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Peripheral Arterial Disease (PAD)

With an increasing population of patients with diabetes that is often asymptomatic and with falsely normal or high ankle-brachial index (ABI) values due to calcified vessels, detecting Peripheral arterial disease (PAD) has changed in recent years. 20-30 % of diabetics have calcified vessels. For reliable non-invasive vascular tests, look instead to toe pressure, pulse volume recording (PVR) and transcutaneous oximetry (tcpO2).

PAD is a condition caused by obstruction of the peripheral arteries, leading to an increased risk for cardiovascular events and premature death. The classic PAD symptom is intermittent claudication or walking pain, but notably two-thirds of all patients are asymptomatic. Early diagnosis and treatment using noninvasive vascular tests are crucial to saving lives.

Diabetic foot disease, mainly due to neuropathy, peripheral arterial disease, and/or infection, often leads to ulceration and possible subsequent limb amputation. It is one of the most costly complications of diabetes.

Why is the diagnosis more complex in patients with diabetes?
  • Calcified vessels
  • Neuropathy
  • Longer & multiple lesions
  • Asymptomatic
  • Less collateral flow
  • Microcirculatory issues
  • Perfusion deficit in foot more severe
All-in-one simultaneous assessment

The PeriFlux 6000 Combined System offers the unique capability to simultaneously assess both Toe Pressure and PVR as well as measure Transcutaneous Oxygen in the tissue with one system saving limbs, lives, cost and reducing human suffering.

User-friendly software is guiding the user throughout the examination with a standardized measurement procedure for reliable and reproducible results.

A comprehensive report is instantly generated with all clinical information clearly stated with curves adding clarity. The report, as well as the workflow, can be customized to suit processes in clinical situations worldwide.

Perfusion imaging for PAD and diabetic foot ulcers

Perimed was the first company to commercialize laser-based microcirculation imaging and has over the past 40 years been the world leader in perfecting those techniques.

The PeriCam PSI provides a fast and accurate way to assess microcirculation in tissue by using laser speckle contrast analysis (LASCA or LSCI). It fits into the growing demand for non-invasive imaging techniques in diagnostics. All major guidelines [ref 1,2,3] on diagnosis and management of PAD and diabetic foot ulcers recognize the need for microcirculation assessment. The International Working Group on the Diabetic Foot (IWGDF) also highlights the need to investigate the role of novel methods of perfusion assessment [ref 3].

Recent expert reviews mentioned LSCI as a possible diagnostic technique to determine tissue perfusion in patients with PAD [ref 4] and/or diabetic foot ulcers [ref 5] and PeriCam PSI has shown to be a promising tool in these assessments [ref 6,7]. It can offer several advantages compared to other diagnostic techniques:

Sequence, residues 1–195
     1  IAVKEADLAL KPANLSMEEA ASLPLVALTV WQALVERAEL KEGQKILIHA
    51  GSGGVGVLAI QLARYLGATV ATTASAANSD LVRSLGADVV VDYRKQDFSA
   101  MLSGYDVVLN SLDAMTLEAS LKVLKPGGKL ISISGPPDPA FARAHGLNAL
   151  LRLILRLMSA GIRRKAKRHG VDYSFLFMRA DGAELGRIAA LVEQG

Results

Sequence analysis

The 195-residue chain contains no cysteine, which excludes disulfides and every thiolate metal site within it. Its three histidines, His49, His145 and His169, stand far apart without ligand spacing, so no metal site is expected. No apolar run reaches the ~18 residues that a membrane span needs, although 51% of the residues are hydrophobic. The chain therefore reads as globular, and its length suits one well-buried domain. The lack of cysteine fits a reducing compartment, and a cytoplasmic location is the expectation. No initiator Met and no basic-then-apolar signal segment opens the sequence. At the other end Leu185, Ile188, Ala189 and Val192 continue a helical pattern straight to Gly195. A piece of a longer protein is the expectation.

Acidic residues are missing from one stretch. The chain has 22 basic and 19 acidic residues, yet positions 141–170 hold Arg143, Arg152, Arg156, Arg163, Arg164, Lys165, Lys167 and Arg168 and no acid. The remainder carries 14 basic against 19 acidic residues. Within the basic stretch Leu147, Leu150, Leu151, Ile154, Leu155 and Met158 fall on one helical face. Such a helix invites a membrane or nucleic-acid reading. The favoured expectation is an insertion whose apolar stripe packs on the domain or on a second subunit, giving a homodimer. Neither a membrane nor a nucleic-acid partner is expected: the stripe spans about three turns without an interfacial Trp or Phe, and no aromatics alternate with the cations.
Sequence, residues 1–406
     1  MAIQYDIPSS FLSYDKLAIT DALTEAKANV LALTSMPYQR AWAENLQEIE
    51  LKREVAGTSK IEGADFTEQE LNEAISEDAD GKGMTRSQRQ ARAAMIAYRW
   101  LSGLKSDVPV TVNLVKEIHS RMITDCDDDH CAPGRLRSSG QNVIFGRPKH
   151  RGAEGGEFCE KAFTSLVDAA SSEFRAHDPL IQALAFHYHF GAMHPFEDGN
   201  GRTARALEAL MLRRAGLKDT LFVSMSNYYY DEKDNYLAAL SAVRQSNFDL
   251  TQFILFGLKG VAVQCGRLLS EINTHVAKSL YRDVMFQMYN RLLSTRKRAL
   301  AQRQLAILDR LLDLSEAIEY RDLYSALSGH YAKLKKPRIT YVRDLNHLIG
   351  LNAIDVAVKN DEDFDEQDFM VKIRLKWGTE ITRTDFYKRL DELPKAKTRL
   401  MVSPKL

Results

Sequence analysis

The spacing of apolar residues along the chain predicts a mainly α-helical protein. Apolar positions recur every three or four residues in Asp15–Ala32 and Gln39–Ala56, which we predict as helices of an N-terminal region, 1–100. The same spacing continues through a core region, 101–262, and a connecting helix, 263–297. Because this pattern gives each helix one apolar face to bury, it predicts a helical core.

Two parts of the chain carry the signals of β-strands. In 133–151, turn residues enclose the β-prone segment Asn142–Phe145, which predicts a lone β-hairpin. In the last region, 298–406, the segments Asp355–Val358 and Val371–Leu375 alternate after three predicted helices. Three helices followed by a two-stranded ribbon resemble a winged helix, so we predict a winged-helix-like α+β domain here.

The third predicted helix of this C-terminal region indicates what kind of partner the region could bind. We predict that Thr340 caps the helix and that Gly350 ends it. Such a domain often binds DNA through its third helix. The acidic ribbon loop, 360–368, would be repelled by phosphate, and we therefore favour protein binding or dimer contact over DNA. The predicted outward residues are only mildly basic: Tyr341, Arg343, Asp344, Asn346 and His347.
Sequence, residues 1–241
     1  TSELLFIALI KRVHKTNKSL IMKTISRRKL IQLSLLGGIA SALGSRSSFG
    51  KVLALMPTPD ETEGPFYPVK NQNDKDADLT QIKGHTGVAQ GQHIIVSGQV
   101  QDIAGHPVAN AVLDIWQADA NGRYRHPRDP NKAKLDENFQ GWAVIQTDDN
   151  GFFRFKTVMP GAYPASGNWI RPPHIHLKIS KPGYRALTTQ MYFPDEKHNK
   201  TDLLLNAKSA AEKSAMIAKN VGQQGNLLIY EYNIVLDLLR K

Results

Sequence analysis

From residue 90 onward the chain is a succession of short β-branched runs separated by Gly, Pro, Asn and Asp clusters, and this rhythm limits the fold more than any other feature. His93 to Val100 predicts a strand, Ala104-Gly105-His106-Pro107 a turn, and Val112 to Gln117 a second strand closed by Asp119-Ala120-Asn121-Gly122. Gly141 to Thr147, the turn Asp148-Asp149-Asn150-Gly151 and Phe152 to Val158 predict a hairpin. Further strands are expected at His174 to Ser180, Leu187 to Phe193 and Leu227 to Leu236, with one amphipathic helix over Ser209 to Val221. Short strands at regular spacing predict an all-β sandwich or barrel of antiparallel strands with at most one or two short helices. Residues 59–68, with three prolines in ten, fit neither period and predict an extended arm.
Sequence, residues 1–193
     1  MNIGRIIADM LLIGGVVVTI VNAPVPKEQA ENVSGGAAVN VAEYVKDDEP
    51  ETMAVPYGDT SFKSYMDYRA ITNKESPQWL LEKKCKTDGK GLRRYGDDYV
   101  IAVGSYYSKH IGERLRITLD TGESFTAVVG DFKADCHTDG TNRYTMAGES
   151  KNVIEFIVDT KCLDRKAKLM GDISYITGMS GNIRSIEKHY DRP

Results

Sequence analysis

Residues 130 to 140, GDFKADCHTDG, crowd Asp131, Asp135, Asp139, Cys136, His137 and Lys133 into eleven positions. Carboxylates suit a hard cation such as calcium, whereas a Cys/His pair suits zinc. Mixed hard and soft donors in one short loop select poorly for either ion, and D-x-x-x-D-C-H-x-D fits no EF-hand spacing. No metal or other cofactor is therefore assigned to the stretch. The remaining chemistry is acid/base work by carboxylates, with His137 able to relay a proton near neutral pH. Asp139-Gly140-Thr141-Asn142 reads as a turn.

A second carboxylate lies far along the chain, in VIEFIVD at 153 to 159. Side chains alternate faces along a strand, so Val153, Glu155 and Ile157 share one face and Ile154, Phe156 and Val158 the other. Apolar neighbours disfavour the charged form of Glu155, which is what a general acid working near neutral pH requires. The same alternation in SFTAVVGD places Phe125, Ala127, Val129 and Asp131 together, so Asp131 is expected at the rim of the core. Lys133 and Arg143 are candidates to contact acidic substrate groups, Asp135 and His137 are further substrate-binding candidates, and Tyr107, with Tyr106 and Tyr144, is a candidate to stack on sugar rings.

• Non-invasive
    • No contact with patient needed
    • No need for injectable contrast agents
    • No ionizing radiation
  • Ease of use
    • Intuitive and powerful software for measurement setup, recording and analysis
    • Small format system offers great flexibility in busy and crowded environments
    • Easy to position due to flexible arm and ball head mount.
  • Fast
    • Real time imaging: up to ~100 images per second

The Pericam PSI Imaging system is clinically approved for measurement of microcirculation in the USA, Europe, China and many other markets.


  1. Conte MS, Bradbury AW, Kolh P, et. al, Global Vascular Guidelines on the Management of Chronic Limb-Threatening Ischemia. Eur J Vasc Endovasc Surg. 2019 Jul;58(1S):S1-S109.e33. doi: 10.1016/j.ejvs.2019.05.006.
  2. Mills JL, Conte MS, Armstrong DG, et al. The Society for Vascular Surgery Lower Extremity Threatened Limb Classification System: Risk stratification based on Wound, Ischemia, and foot Infection (WIfI). J Vasc Surg. 2014;59(1):220034.e1-2. DOI: 10.1016/j.jvs.2013.08.003
  3. Hinchliffe et al. Guideline on diagnosis, prognosis and management of peripheral artery disease among people with diabetes (IWGDF 2019 update). Diab Metab Res Rev. 2020. e3276 DOI: 10.1002/dmrr.3276
  4. Kirsten F. Ma, Simone F. Kleiss, Richte C.L. Schuurmann, Reinoud P.H. Bokkers, Çagdas Ünlü & Jean-Paul P.M. De Vries (2019) A systematic review of diagnostic techniques to determine tissue perfusion in patients with peripheral arterial disease, Expert Review of Medical Devices, 16:8, 697-710, DOI: 10.1080/17434440.2019.1644166
  5. Onno A. Mennes, Jaap J. van Netten, Riemer H.J.A. Slart and Wiendelt Steenbergen, “Novel Optical Techniques for Imaging Microcirculation in the Diabetic Foot”, Current Pharmaceutical Design (2018) 24: 1304. DOI: 10.2174/1381612824666180302141902
  6. Anne Humeau-Heurtier, Pierre Abraham, Samir Henni, Bi-dimensional variational mode decomposition of laser speckle contrast imaging data: A clinical approach to critical limb ischemia?, Computers in Biology and Medicine 86, 2017, 107-112 DOI: 10.1016/j.compbiomed.2017.05.012
  7. A. Mennes, J.J. van Netten, J.G. van Baal, W. Steenbergen, Assessment of microcirculation in the diabetic foot with laser speckle contrast imaging, Physiological Measurement 40 065002 DOI: 10.1088/1361-6579/ab2058
 PeriFlux 6000
Combined System –

Instructional Video
 PeriCam PSI NR –
Assessment of microcirculation
in the diabetic foot
ESVS Educational Video –
Professor Maarit Venermo
Peripheral Arterial Disease –
Diagnosis in patients
with diabetes
by Prof. R. Hinchliffe

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